We spent the evening with our new friends, and mostly with my self-proclaimed new BFF (famous Iris's mom) see previous post about Iris, she is the coolest kid ever! Scroll to the center of that post and watch her dancing to "Thrift Shop" if you haven't yet. The boys and I have watched it at least 20 times! Will and Luke rode on as many rides as they could squeeze in with Eric their new buddy (famous Iris's big bro) and they are already planning the next time they can see Eric. I am looking forward to play dates with these moms and kids, I can already sense that lifelong friendships are being formed because of Down syndrome. I am continually telling myself I can't believe how this is all turning out. How scared I once was, and how now I can't imagine my life any other way. My heart is full.

Ellie and Iris smoochin!
Luke, Eric and Will
Speaking of the Buddy Walk and my heart being full, we have formed a team called Team Ells Bells. I am so excited to have our friends and family come out and walk with us to honor Ellie and others with Down syndrome! We are raising money for the DSNO and I had to choose a goal amount. I put $1000 down, unsure if that was too big of a goal but I thought it sounded good.  I posted Ellie's page on my Facebook and in 6 days we surpassed our goal. I am so grateful and humbled at the outpouring of love and support! I can't even explain how much this means to us. I contacted our PR group at my work and they added the DSNO to their list of charities, they will match employees donations dollar for dollar! Amazing!  Many of my co-workers, even those thousands of miles away have donated to Ellie's team. Our friends are surprising us left and right with their generous contributions. This money helps with programs, scholarships, and events like the Oaks Park family night! 

Here is Ellie's team page if you want to check it out: 

I can't wait to tell Ellie about her first Buddy Walk and how much her friends and family love her. Although, when seeing that scrunchy faced soulful grin, I think she already knows.

Love to you all.
My song choice for this post is Somewhere Over the Rainbow, What a Wonderful World by Iz. This is a song we played at our wedding and is one of my all time faves. At the Oaks Park event, the DSNO founder's daughter Megan (who is 15 and has Down syndrome and gorgeous red hair) signed the lyrics to this song as her mama sang it. I was in tears, it was beautiful and the perfect end to the evening.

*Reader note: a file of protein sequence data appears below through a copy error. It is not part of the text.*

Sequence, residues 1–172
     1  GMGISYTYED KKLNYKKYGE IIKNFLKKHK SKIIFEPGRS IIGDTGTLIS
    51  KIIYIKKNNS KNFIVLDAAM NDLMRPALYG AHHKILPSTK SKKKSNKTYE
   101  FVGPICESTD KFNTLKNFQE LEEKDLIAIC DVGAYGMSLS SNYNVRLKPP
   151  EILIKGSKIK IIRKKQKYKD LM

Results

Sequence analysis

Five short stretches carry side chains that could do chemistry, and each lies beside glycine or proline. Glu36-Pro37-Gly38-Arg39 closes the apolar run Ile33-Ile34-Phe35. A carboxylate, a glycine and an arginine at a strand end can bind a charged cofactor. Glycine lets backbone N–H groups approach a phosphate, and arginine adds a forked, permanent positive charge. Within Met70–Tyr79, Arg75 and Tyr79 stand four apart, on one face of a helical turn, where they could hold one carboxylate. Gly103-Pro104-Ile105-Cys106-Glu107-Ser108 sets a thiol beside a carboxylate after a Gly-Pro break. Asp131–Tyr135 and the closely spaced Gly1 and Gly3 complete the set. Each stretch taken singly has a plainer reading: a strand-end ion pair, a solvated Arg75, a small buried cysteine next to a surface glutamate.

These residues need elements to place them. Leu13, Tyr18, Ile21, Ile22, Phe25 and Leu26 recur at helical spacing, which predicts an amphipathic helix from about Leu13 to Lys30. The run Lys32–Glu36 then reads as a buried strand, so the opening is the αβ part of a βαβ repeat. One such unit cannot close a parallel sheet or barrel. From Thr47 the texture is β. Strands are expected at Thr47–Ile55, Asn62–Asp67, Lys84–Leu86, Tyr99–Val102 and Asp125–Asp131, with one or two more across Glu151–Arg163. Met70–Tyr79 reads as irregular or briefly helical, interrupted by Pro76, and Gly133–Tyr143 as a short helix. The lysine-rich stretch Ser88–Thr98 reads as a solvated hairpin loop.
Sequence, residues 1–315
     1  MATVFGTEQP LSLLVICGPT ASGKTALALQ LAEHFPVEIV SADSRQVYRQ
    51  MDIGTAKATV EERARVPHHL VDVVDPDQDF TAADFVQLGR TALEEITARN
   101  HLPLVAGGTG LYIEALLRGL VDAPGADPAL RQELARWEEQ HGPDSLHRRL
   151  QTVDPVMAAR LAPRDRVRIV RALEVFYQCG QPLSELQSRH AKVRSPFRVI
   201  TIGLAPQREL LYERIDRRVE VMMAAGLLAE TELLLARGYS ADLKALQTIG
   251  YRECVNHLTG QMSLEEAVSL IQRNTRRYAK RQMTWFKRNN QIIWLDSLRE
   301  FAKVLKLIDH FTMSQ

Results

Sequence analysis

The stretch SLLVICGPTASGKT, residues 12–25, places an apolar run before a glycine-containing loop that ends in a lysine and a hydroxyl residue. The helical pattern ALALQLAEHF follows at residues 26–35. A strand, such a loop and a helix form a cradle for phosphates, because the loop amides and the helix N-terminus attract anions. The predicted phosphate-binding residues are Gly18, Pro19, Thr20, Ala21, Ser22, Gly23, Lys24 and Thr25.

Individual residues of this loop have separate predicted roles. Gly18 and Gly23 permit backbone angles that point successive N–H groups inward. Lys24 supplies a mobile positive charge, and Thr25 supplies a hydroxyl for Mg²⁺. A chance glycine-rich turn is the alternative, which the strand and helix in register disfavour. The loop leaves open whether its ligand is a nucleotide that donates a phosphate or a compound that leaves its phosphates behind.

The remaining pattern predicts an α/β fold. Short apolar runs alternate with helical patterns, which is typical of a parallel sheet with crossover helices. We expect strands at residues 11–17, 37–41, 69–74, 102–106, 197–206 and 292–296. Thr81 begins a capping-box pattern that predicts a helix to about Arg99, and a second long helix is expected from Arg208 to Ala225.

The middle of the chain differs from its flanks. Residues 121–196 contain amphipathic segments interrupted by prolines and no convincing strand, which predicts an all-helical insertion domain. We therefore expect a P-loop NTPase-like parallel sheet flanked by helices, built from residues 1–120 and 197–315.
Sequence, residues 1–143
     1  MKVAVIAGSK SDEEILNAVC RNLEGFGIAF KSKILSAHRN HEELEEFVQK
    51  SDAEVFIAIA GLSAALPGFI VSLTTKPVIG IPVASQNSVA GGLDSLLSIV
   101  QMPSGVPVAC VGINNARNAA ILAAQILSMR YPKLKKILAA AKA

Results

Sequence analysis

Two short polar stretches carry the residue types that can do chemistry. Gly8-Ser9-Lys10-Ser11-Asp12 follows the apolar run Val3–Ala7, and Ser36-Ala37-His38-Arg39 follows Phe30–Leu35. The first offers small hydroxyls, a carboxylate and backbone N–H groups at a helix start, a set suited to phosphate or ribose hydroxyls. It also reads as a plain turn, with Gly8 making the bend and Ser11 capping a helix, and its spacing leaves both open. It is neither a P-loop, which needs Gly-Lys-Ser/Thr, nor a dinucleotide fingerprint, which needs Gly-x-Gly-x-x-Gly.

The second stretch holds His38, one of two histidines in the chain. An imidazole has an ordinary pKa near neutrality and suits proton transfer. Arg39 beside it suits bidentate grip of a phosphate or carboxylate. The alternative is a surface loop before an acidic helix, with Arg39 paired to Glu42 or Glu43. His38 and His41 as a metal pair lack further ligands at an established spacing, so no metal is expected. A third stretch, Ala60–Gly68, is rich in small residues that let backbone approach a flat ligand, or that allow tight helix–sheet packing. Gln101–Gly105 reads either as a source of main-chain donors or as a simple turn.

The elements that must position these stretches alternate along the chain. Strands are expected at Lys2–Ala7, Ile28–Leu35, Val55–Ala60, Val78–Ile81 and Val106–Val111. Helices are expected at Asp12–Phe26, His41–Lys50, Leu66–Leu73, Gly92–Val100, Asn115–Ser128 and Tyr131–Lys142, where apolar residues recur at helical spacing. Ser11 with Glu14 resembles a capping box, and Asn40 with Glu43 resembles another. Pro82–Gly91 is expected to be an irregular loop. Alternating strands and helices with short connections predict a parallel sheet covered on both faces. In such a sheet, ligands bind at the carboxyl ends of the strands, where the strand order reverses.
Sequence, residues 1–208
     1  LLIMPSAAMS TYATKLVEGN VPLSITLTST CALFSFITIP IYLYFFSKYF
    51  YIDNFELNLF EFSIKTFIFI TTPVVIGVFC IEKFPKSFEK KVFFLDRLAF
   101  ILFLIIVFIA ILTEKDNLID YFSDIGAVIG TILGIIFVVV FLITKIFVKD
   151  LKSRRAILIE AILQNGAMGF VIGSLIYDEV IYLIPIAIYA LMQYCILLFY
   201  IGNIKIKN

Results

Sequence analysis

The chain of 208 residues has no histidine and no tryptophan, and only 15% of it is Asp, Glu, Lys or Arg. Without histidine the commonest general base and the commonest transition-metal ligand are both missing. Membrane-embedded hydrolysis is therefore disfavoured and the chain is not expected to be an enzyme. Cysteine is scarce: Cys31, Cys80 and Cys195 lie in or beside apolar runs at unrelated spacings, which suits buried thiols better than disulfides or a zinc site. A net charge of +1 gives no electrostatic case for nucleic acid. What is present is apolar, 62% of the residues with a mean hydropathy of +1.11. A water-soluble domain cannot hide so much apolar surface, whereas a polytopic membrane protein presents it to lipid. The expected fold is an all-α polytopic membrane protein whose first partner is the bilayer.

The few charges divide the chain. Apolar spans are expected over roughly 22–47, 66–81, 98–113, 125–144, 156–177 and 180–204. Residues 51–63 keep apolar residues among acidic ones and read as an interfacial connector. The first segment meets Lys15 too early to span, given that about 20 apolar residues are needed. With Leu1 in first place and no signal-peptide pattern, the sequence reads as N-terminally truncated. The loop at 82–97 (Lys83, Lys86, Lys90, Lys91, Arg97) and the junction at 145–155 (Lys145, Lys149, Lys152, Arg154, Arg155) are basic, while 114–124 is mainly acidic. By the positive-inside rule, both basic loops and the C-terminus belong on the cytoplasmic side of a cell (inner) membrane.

Wednesday, August 14, 2013

They Are All So Happy

I have an announcement. Ellie, my sweet precious Ellie, is NOT always happy. She just isn't. In the 7 months that she's been on this earth, she has been everything. Happy, sad, frustrated, excited, curious, mad, stubborn, the list could go on. Name an emotion and she's probably experienced it. 

Pre-meltdown phase
Let the drama begin!
Will looks around like someone is going to help him!
Seriously mom, HELP ME! (says Will)
When I tell people my daughter has Down syndrome I almost always hear "oh, they are all so happy", or "they are all so sweet". I am trying to figure this phenomenon out because so far, Ellie is a lot like her big brothers. She spits up like them (rrr!), she giggles like them, she smirks like them, she cries like them. When people refer to her as "they" it feels like she's part of a whole different species, do you get what I'm saying?

There is a preconceived notion, myth, or stereotype about people with Down syndrome that "they" are always happy, or "they" are always sweet. Well Ellie wants me to tell you this.. "she" is just herself. It's just like saying "all gingers have no souls" when we know the truth, only some gingers have no souls. Hehe. 

So that is my PSA for the day. People with Down syndrome are each unique individuals just like you and I. They laugh, they cry, and sometimes, damn it, they have throw-down diva fits like it's their job!! 

My song of choice for this blog post is "You are so Beautiful" by Joe Cocker. I love this song, and it makes me think of our Ellie girl. BUT I also love that my dad once arrested Joe Cocker in Cali back in the early 70's. Famous family story right there! 

Saturday, July 20, 2013

Ellie's Big 6 Month Ds Clinic Appointment Update

Ellie had her much anticipated 6 month appointment at the Down Syndrome Clinic at OHSU - Doernbecher. It went AMAZINGLY WELL.  I am so grateful to have the Ds Clinic so close to our home. The appointment was 4 hours long and worth every minute. I was still jet lagged from coming back from Ireland the day before so my note-taking was not very good (OK I didn't take any notes!) They reassured me that they would mail me all of the recommendations from each specialist from the day (sweet!) My mom came with me and had great questions to ask, and was cracking everyone up along the way.

Show me what you got, docs! Let's do this thang!
The first person we met with was the Audiologist.  I had wondered if Ellie's hearing was OK.  She passed her newborn screening but I know that fluid can easily build up in her ears so I was anxious to know how she was doing.  She passed the hearing tests with flying colors, and it's recommended to have her hearing checked every 6 months.  I will be able to do this through Willamette ESD. The Audiologist was so nice and personable.  She even knew one of the Audiologists from Willamette ESD so I was given inside scoop on who to ask for when Ellie turns 1. She also mentioned that if Ellie gets sick with a cold or ear infection that the fluid can quickly build up, so to keep an eye on it and retest if necessary.